Summer is over and it is time to go back to work and, as blogger, to share the state of the art on Visigothic script, highlighting what is known and what still needs to be studied. My last post was devoted to the few examples preserved in the script graphically placed just in the middle between New Roman cursive and Visigothic, discussing, visually, how Visigothic script arrived to its canon as it is now recognized and studied. But first, before posting about the genetic origin of the script, there is an important topic to talk about: why, although Visigothic script has almost nothing to do with the Visigoths, is it called Visigothic script?
Once early medieval people realized that the script that was being used in the Iberian Peninsula and Septimania was, as far as they can remember, something different, something they were able to clearly distinguish from the Roman epigraphic scripts –Capitals–, the scripts used for codices –Uncial and Half Uncial, Capitals–, and the documentary scripts –Old and New Roman Cursive–, they started playing with a name trying to find some way to call it. Undoubtedly, this need to seek a name should have been imperative especially in the 9th century when Caroline minuscule started to be spread into general use throughout Catalonia.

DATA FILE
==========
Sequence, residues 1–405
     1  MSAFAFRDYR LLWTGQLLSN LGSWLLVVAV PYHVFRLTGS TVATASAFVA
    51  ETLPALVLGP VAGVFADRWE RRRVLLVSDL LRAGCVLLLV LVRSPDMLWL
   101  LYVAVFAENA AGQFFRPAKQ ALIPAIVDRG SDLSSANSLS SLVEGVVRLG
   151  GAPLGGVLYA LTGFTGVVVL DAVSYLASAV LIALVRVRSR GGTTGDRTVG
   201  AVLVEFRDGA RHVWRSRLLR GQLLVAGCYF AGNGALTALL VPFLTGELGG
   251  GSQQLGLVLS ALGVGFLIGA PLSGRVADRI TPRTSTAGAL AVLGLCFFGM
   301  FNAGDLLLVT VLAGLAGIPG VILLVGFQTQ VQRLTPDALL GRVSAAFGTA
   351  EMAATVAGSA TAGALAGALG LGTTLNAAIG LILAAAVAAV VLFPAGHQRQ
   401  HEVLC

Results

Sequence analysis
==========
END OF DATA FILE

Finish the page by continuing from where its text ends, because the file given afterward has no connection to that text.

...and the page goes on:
Thus, the oldest denomination we know it was used was littera toletana, name given by the 13th-century scholars Lucas de Tuy and Jimenez de Rada as opposed to littera gallica (aka Caroline minuscule) speaking about the provisions of the Council of León (c. 1090) in which, according to these authors, Visigothic script was replaced by Caroline. I have already written here about this misconception kept also in no-so-old scholarship. It is not known how they referred to the script before that date; maybe they did not need to “call it” specifically in any way (?). Whatever the case, the denomination littera toletana was very much in vogue. It was chosen because they thought the script was originated, or first used, in Toledo, one of the main peninsular cultural centers –also the capital of the Visigothic kingdom and archiepiscopal see of Christian Iberian Peninsula– in which Visigothic script was intensively used until the mid-13th century, so for them it was not a so-bad idea. This denomination points towards the origin of the script as it does the next term used too, chronologically speaking. In codex Escorial &.I.3 (c. 1047) there is a note from the 13th or 14th century stating the name moçaraba or moçarabica – to which a coeval hand added uel toletana as synonym. As it happens with toletana, in this case the term came from those who thought the script was first “made” or more brightly used in southern Iberian Peninsula by the mozarabs, among which it was extensible used in the former centuries. Now we know neither of these two areas has the privilege of being the cradle of Visigothic script; or more precisely, we do not know from where it came from, although more likely from Catalonia, Septimania or nearby.